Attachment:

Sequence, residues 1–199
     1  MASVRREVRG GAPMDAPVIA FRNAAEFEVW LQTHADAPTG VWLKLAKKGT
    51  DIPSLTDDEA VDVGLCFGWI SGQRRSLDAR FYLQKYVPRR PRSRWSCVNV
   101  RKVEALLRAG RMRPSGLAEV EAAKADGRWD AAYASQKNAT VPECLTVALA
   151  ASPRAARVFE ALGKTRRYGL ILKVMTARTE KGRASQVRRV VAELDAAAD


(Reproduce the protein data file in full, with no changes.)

Sequence, residues 1–199
     1  MASVRREVRG GAPMDAPVIA FRNAAEFEVW LQTHADAPTG VWLKLAKKGT
    51  DIPSLTDDEA VDVGLCFGWI SGQRRSLDAR FYLQKYVPRR PRSRWSCVNV
   101  RKVEALLRAG RMRPSGLAEV EAAKADGRWD AAYASQKNAT VPECLTVALA
   151  ASPRAARVFE ALGKTRRYGL ILKVMTARTE KGRASQVRRV VAELDAAAD